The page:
On April 10, 2004, about 1030 eastern daylight time, a Cessna 206, N5019U, registered to a private individual, was substantially damaged during a forced landing in a ditch near Clewiston, Florida. Visual meteorological conditions prevailed at the time and no flight plan was filed for the 14 CFR Part 91 personal flight from the Florida Keys Marathon Airport, Marathon, Florida, to the Vero Beach Municipal Airport, Vero Beach, Florida. The private-rated pilot and one occupant were not injured. The flight originated about 0945, from the Florida Keys Marathon Airport, Marathon, Florida.

The pilot stated that after takeoff the flight climbed to 7,500 feet mean sea level (msl) and approximately 40-45 minutes into the flight, the engine started shaking. He repositioned the fuel selector, and the shaking decreased slightly. The flight continued and the shaking continued. He spiraled down to 3,500 feet msl, and the shaking became worse. He glanced at the cylinder head temperature gauge, and oil pressure and temperature gauges, and reported that at that time all were in the green. He looked for a place to land and due to cars on a nearby roadway, landed in a ditch adjacent to the road.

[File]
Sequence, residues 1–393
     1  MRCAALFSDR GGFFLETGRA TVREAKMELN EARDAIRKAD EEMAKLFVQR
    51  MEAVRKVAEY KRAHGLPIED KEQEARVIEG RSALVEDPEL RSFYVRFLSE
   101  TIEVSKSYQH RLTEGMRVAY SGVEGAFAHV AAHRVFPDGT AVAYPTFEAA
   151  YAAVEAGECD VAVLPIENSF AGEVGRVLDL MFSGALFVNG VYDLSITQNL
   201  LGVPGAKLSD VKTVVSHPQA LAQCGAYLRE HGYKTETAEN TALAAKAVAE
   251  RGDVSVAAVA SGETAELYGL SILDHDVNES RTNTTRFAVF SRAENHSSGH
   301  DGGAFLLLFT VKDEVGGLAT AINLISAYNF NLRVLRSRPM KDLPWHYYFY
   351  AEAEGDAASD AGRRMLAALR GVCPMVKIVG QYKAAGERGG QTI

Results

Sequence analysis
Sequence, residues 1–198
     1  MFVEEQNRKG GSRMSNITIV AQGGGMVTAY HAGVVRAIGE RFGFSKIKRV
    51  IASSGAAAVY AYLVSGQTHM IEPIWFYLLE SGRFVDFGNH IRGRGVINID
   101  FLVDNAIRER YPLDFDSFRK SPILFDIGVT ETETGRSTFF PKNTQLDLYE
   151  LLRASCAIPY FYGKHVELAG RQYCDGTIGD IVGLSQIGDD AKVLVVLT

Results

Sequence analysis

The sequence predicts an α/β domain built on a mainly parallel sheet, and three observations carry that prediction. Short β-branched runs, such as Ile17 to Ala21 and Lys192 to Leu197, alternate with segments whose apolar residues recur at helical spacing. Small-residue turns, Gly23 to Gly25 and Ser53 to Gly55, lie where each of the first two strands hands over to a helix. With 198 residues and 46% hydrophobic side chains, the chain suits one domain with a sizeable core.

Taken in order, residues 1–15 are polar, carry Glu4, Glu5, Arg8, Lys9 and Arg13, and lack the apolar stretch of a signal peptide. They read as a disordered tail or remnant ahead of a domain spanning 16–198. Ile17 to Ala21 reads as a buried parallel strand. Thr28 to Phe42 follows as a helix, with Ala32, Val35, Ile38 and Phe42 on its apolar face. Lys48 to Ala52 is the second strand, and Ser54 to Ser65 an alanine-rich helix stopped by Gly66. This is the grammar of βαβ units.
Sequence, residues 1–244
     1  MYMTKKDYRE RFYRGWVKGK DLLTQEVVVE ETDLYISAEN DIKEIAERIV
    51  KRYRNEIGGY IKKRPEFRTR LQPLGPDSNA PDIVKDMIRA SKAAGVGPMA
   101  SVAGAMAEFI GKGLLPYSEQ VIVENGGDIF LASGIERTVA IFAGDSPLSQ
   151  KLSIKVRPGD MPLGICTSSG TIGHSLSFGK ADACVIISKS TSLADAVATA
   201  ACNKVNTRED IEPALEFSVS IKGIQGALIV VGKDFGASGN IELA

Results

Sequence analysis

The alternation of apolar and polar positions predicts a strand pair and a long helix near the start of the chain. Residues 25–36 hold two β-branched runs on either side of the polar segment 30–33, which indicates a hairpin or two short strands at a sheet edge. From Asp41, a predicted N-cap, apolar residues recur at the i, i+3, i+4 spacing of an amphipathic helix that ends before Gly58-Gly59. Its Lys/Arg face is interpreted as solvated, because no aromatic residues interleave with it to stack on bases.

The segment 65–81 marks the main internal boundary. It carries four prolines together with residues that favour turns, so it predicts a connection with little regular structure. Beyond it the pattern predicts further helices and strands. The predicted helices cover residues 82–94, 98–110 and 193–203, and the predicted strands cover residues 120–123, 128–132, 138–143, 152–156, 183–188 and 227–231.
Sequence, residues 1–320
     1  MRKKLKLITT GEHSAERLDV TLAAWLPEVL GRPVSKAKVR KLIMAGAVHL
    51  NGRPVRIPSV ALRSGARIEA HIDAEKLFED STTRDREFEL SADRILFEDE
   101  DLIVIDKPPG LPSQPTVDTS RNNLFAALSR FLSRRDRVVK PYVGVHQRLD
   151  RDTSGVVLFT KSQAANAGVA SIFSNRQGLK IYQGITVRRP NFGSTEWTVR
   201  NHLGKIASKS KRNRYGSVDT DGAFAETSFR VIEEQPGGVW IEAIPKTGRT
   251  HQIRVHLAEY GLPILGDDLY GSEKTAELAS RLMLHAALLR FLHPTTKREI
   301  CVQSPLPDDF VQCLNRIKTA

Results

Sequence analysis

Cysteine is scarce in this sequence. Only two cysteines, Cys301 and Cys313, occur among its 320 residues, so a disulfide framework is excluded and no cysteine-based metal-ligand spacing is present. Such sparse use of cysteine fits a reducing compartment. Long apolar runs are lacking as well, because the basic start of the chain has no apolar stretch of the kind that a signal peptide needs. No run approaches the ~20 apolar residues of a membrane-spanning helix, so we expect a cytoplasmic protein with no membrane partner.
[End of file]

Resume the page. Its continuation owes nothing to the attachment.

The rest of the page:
Examination of the engine by a representative of the engine manufacturer with FAA oversight revealed that the No. 2 cylinder connecting rod and one of the connecting rod bolts were fractured. The other connecting rod bolt was not fractured and remained secured to the connecting rod cap and section of connecting rod. Additionally, the No. 2 crankpin was dry but not heat discolored, and the oil port for the No. 2 crankpin was free of obstructions.

Metallurgical examination of the fractured components by the NTSB Materials Laboratory located in Washington, D.C., revealed the fracture surface of the connecting rod bolt exhibited features consistent with tensile overstress. The bolt was determined to meet specification related to hardness. Mechanical damage to the fracture surface of the connecting rod precluded determination of failure mode.

Review of the maintenance records revealed the engine was last overhauled on March 29, 1977, and installed in the accident airplane on April 15, 1977. The engine was disassembled, inspected, and reassembled on July 15, 1977, or approximately 50.0 hours since the overhaul in March of that year. The engine was installed in the airplane, test run, and found to be airworthy. Cylinders 1, 4, and 6 were removed and replaced on April 4, 1981. The engine had accumulated approximately 1,652 hours since last overhaul at the time of the accident.

The airplane was released, and the NTSB retained parts were released to the airplane owner on August 26, 2004.

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